Cleveland Tops Census’ Shrinking List; Local Columnist Says City is Stabilizing
Last week, the U.S. Census Bureau released population estimates for 2009, showing Cleveland with the largest numerical decline of residents last year – followed by two Michigan cities, Detroit and Flint. According to the Census’ estimate, Cleveland lost 2,658 residents, or nearly 1 percent. But a local columnist at the Cleveland Plain-Dealer points out that the decline is actually about 0.6 percent, indicating that the city’s population may finally be stabilizing.

In New York, Rochester Embraces Downsizing, Buffalo Still Reluctant
Rochester has joined the ranks of fellow shrinking city Detroit, and embraced downsizing. The city has acknowledged its dramatic loss of population, and is now to committed to “consciously and intelligently shrink.” Over the next 20 years, the city will relocate residents to eliminate at least 40 residential blocks, and convert the land into parks, greenways, gardens, and farms. Buffalo – another shrinking city about 70 miles away – is still reluctant to embrace the notion of downsizing.

Please check out Al Letson’s State of the Re:Union (SO TRU) from NPR, with two first person reports on Shrinking Cities: Motor City Rebound and Milwaukee: City of Vision.  Also, check out the inaugural episode of this program, focusing on DC and neighborhoods such as Shaw and H Street.  About State of the Re:Union:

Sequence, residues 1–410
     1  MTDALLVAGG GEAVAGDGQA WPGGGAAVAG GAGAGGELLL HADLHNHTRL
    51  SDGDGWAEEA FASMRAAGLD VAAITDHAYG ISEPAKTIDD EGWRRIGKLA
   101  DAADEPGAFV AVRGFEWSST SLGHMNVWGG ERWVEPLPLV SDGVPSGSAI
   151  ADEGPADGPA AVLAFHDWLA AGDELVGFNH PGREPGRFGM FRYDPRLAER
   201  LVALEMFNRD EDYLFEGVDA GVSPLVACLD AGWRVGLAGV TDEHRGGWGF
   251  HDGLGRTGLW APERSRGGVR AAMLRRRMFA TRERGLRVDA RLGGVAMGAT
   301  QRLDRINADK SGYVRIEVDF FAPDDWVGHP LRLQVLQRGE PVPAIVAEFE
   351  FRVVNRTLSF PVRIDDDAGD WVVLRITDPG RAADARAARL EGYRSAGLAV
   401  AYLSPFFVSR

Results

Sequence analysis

“For every episode of State of the Re:UNION, we travel to a different American city or town and ask the questions; What makes Community? Who are the people that help bring it together? What issues do they face..?”

Some of you may remember the movie “Jerry McGuire.”  In it, Tom Cruise plays a sports agent sickened by the exploitation of his clients.  He has a crisis of concience, which leads him to write a memo, which morphs into a book on reshaping a more eithical sports management profession, “The Things We Think But Do Not Say.”  It’s core elements are: fewer clients, less money, more personal contact.

The day after printing this document and circulating it at an industry convention, Jerry realizes he’s sabotaged his career and desperately tries to get every copy back.  He’s not successful; as he walks through the lobby of the convention hotel, expecting a stoning, he instead recieves a standing ovation.  Jerry– and the audience — think that people have understood the rightness of his cause.

Then the camera focuses in on two of his co-workers as they applaud him.  “How long before they fire him?” one asks.  “I’ll give him ’til the end of the week” says the other, which turns out to be about right.

In the article “The Suburban Exodus: Are We There Yet?” New Geography writer Wendell Cox makes a compelling case that, despite the message from the design and planning professions that Americans are in the midst of abandoning the suburbs for dense urban neighborhoods, what the preference for — and numbers of — detached housing is actually rising.  Cox sites as a major element of his arguement the failure of condo conversions in multiple urban areas around the country.